I thought if I had had a girl rather than two boys I would have named her "Medulla Oblangata"
res (ˈrās, ˈrēz) noun, a particular thing
But legally, it was just an object--a res, as the lawyers say--with no blame held against it. We couldn't very well hold the Buick for theft of services, could we?
baleful (-fəl) adjective, foreboding or threatening evil
His gaze as he stood beside the wall of pegged hammers, clippers, rakes, shovels, and one posthole digger (the red AA on the handle stood not for Alcoholics Anonymous but for Arky Arkanian) was angry. Almost baleful.
cyclotron (sī′klō trän′, -klə-) noun, a circular particle accelerator for positively charged ions (usually protons, deuterons, and alpha particles), normally used to initiate nuclear transformations upon collision with a suitable target: through the combined action of a constant magnetic field with an oscillating electrostatic field across two -shaped, hollow electrodes, it causes a particle to move in an increasingly large spiral path inside the electrodes with increasing kinetic energy and velocity
A wavering tendril of light, like a spark from a gigantic cyclotron, shot outward and upward from the Buick's rear passenger window.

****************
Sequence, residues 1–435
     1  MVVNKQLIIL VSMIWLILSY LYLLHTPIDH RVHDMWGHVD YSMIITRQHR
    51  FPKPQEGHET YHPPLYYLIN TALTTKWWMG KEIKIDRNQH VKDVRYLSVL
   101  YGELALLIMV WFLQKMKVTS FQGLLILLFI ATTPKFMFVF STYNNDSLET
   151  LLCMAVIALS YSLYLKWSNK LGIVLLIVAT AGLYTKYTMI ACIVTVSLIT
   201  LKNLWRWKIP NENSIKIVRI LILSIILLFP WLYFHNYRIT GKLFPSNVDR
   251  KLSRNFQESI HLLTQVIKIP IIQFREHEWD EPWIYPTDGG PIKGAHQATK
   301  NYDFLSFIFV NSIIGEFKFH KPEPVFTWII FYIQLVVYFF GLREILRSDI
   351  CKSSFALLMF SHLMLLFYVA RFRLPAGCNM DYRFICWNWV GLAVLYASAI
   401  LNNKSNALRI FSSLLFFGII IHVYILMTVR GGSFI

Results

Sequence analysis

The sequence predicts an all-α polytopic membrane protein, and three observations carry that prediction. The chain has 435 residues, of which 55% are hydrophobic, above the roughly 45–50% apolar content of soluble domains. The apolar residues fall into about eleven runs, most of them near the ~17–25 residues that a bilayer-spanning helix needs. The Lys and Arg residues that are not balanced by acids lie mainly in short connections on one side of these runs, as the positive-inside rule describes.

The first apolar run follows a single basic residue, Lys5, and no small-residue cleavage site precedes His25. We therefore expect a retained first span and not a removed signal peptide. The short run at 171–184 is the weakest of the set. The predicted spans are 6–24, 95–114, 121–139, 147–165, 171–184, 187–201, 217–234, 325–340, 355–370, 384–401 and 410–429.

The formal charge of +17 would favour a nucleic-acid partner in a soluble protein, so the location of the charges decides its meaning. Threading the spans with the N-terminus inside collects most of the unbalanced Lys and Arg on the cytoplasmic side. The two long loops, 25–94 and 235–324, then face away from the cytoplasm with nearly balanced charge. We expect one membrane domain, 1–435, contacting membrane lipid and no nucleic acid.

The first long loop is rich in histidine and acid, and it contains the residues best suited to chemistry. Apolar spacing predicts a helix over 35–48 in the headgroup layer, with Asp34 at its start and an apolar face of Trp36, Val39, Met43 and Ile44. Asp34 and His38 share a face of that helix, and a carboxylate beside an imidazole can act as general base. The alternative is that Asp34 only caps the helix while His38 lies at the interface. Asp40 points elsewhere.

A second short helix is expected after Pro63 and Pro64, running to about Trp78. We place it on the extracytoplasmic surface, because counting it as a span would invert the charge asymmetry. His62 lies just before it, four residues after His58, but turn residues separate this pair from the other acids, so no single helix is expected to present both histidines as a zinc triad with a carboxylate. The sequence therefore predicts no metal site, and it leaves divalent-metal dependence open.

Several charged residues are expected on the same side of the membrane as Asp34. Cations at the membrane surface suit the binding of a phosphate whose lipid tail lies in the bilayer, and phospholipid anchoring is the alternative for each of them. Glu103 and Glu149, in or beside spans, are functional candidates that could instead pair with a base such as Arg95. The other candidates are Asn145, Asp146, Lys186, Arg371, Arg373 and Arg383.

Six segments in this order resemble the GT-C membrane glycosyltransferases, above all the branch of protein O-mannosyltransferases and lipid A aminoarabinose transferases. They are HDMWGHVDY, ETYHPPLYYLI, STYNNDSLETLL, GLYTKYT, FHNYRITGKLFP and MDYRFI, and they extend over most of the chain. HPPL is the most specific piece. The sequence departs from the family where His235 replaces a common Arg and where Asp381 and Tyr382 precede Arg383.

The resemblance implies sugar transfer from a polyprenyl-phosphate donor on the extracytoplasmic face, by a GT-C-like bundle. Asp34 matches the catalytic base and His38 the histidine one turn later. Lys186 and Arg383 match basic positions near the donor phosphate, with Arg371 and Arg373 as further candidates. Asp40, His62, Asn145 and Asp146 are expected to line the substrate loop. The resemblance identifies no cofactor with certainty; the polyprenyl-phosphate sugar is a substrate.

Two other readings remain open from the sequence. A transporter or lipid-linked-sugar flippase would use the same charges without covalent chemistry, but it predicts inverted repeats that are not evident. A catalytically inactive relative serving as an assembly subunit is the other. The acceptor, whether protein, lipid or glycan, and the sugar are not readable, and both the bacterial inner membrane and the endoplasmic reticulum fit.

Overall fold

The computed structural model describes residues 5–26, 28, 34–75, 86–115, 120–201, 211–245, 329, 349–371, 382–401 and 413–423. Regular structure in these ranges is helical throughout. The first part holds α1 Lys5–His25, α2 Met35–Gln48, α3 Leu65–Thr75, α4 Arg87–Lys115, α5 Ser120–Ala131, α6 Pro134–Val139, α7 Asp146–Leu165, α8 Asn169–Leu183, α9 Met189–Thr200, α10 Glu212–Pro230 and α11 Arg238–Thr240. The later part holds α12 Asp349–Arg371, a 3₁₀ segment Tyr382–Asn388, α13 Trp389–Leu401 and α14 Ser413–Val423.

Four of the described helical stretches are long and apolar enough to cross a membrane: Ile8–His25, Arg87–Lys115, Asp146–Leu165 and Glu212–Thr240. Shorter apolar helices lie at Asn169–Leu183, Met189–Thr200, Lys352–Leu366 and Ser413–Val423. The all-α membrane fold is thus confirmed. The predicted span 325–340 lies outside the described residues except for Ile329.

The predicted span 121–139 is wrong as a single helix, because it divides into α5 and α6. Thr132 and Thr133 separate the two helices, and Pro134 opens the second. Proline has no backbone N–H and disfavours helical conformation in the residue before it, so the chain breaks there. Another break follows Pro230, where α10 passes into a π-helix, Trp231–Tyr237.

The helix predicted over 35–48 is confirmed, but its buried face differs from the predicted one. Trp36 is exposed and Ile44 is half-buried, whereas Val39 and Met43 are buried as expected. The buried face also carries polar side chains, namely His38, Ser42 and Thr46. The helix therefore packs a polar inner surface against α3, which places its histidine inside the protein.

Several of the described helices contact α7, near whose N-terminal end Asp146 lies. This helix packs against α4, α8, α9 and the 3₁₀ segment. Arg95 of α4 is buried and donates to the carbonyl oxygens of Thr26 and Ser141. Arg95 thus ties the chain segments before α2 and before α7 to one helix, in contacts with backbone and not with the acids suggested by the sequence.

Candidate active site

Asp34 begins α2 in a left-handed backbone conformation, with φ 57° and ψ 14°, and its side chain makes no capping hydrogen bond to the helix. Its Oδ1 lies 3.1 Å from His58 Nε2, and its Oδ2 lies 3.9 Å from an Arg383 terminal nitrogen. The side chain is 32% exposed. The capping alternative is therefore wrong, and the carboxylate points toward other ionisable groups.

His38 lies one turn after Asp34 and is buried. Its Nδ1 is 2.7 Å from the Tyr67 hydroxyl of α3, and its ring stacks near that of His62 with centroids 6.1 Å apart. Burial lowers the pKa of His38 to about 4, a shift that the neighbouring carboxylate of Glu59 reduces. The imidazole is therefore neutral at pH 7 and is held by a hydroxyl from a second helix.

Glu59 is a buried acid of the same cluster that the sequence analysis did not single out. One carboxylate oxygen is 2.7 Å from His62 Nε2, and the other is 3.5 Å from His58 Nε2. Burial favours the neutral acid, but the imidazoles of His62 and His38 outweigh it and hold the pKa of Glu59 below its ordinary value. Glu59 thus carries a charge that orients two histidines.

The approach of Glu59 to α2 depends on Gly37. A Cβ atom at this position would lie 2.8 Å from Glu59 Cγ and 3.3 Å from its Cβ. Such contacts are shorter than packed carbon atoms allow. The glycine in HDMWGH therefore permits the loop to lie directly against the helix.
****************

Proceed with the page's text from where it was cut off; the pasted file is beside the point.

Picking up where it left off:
hypocrite noun \ˈhi-pə-ˌkrit\
1: a person who puts on a false appearance of virtue
2: a person who acts in contradiction to his or her stated beliefs or feelings
3: A person who holds other people to higher standards than he holds himself.
My friend is a hypocrite. She condemns others for rude bahavior, especially during holiday shopping, but has no problem with being rude herself.
couthie \KOO-thee\, adjective:
Agreeable; genial; kindly.
Occasionally he'd stab one of the buttons, never managing to stop the machines' couthie chatter of grunts and whistles.
-- James Meek, The Heart Broke In
… That her coming away from home was no small loss to England, not but that England, as we all knew, had many ladies, yet could not have many so couthie, and kind, and willing to help, as Mrs. Doctor More.
-- William Tait, "The Roads Through the World," Tait's Edinburgh Magazine, Volume 24
Couthie stems from the Old English word cūth, originally meaning "to know." It arose in the 1700s in Scotland in the sense of "agreeable."
dragoon (drə go̵̅o̅n′) transitive verb, to force (someone) into doing something; coerce
Your father dragooned me into one of his experiments once--got me to run the video camera.
gloaming (glōm′iŋ) noun, evening dusk; twilight
He sounded almost angry, a pissed-off bandleader in the gloaming.